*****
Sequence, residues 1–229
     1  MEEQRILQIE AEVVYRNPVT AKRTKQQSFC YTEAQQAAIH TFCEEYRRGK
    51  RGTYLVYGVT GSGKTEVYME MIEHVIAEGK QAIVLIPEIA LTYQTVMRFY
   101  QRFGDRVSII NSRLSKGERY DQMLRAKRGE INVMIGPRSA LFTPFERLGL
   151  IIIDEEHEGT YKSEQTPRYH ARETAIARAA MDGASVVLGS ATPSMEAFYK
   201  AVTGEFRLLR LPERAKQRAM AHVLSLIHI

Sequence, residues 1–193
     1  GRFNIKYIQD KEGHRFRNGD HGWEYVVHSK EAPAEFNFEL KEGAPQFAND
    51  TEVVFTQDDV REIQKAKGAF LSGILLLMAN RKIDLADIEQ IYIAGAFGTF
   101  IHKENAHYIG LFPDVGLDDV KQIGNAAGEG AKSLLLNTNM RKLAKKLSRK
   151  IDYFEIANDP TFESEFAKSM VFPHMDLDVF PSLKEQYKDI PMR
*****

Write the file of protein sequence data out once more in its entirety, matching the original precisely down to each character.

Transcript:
Sequence, residues 1–229
     1  MEEQRILQIE AEVVYRNPVT AKRTKQQSFC YTEAQQAAIH TFCEEYRRGK
    51  RGTYLVYGVT GSGKTEVYME MIEHVIAEGK QAIVLIPEIA LTYQTVMRFY
   101  QRFGDRVSII NSRLSKGERY DQMLRAKRGE INVMIGPRSA LFTPFERLGL
   151  IIIDEEHEGT YKSEQTPRYH ARETAIARAA MDGASVVLGS ATPSMEAFYK
   201  AVTGEFRLLR LPERAKQRAM AHVLSLIHI

Sequence, residues 1–193
     1  GRFNIKYIQD KEGHRFRNGD HGWEYVVHSK EAPAEFNFEL KEGAPQFAND
    51  TEVVFTQDDV REIQKAKGAF LSGILLLMAN RKIDLADIEQ IYIAGAFGTF
   101  IHKENAHYIG LFPDVGLDDV KQIGNAAGEG AKSLLLNTNM RKLAKKLSRK
   151  IDYFEIANDP TFESEFAKSM VFPHMDLDVF PSLKEQYKDI PMR